Babies were not allowed to go up the mountain and this meant that my father and brother in law stayed behind. The rest of us went up the gondola. Gondola I hear you say… Yes we were a bit lazy so we too the cable cars up. The ride up was quick but we did had to wait in line for 45 minutes. I think that in the summer time queues will be a lot longer so be prepared. The gondola brings you to an impressive 3500 meters above sea level and her we took a small walk. The actual top of El Teide lies at 3718 meters above sea level and if you want to go to the summit you will need a special permit. You can buy this online using this link.
The views from the top were phenomenal as you can see on the pictures below. We even experienced the lack of oxygen at this altitude. A good preparation for when we are in the Andes in South America later this year. The trails over the volcano are all piece of jewels and we wanted to walk them all. But we could not because we were not alone. And that is not a problem. We cannot do it all….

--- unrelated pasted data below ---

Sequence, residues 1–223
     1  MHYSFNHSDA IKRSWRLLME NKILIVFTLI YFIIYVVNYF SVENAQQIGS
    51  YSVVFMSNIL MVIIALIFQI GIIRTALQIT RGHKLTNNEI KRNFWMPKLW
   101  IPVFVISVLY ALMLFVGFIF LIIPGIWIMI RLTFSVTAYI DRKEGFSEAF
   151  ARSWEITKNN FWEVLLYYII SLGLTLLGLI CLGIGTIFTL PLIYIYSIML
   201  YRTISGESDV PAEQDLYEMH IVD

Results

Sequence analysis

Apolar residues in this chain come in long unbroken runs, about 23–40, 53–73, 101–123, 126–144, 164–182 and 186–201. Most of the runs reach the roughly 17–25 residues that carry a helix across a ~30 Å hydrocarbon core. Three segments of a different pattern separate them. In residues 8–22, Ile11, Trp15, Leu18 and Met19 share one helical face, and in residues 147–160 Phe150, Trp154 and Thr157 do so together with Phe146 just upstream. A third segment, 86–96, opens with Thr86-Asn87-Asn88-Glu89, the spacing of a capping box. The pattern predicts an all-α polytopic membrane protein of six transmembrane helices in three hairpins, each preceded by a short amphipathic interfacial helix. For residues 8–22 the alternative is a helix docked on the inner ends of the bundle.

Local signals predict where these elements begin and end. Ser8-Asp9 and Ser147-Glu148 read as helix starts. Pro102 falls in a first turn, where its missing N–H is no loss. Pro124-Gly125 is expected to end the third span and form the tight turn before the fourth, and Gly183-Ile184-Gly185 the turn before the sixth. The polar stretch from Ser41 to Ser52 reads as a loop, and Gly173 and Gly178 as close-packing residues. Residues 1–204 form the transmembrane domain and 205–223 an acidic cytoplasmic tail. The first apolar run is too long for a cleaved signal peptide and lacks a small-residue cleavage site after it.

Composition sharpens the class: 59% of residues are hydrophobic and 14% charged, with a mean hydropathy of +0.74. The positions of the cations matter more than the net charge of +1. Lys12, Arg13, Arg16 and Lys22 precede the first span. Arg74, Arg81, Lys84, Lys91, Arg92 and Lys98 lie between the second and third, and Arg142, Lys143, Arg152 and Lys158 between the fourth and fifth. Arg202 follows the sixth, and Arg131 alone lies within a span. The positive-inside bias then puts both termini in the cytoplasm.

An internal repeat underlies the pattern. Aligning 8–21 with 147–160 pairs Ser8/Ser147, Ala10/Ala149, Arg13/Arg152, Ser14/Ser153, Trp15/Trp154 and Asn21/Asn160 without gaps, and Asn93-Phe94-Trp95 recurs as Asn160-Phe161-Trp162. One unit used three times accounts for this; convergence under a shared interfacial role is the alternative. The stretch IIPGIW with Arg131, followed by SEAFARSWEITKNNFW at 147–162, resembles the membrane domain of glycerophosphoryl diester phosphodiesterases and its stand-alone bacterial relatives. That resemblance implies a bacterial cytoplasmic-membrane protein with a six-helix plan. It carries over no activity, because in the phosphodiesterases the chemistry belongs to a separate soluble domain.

Barranco de Masca
The trail starts in a little town called Masca. My parents were so nice to give us a ride there but you can also take the bus. The drive to Masca is already beautiful and sometimes a bit exciting. Winding roads take you through the mountains. Small roads where bus drivers need to be experienced otherwise the bus won’t make it.
Barranco de Masca is a beautiful gorge in the north west of Tenerife which ends in a small bay between high cliffs. It is possible to buy a ticket for the ferry to Los Gigantes in Masca because boats depart from this bay every half hour. You can also walk the same way up again but we choose to take the ferry. And we had packed our swimsuits for a well-deserved, refreshing dive as a perfect ending to the hike.
The journey starts with low bushes and the occasional cactus plant. At a certain point you will reach a small stream which will join you on your way down the gorge. We have crossed this stream several times and as you continue down the path it will bring you past large rock builders that almost block your way, towering reeds and a beautiful natural formed rock arch.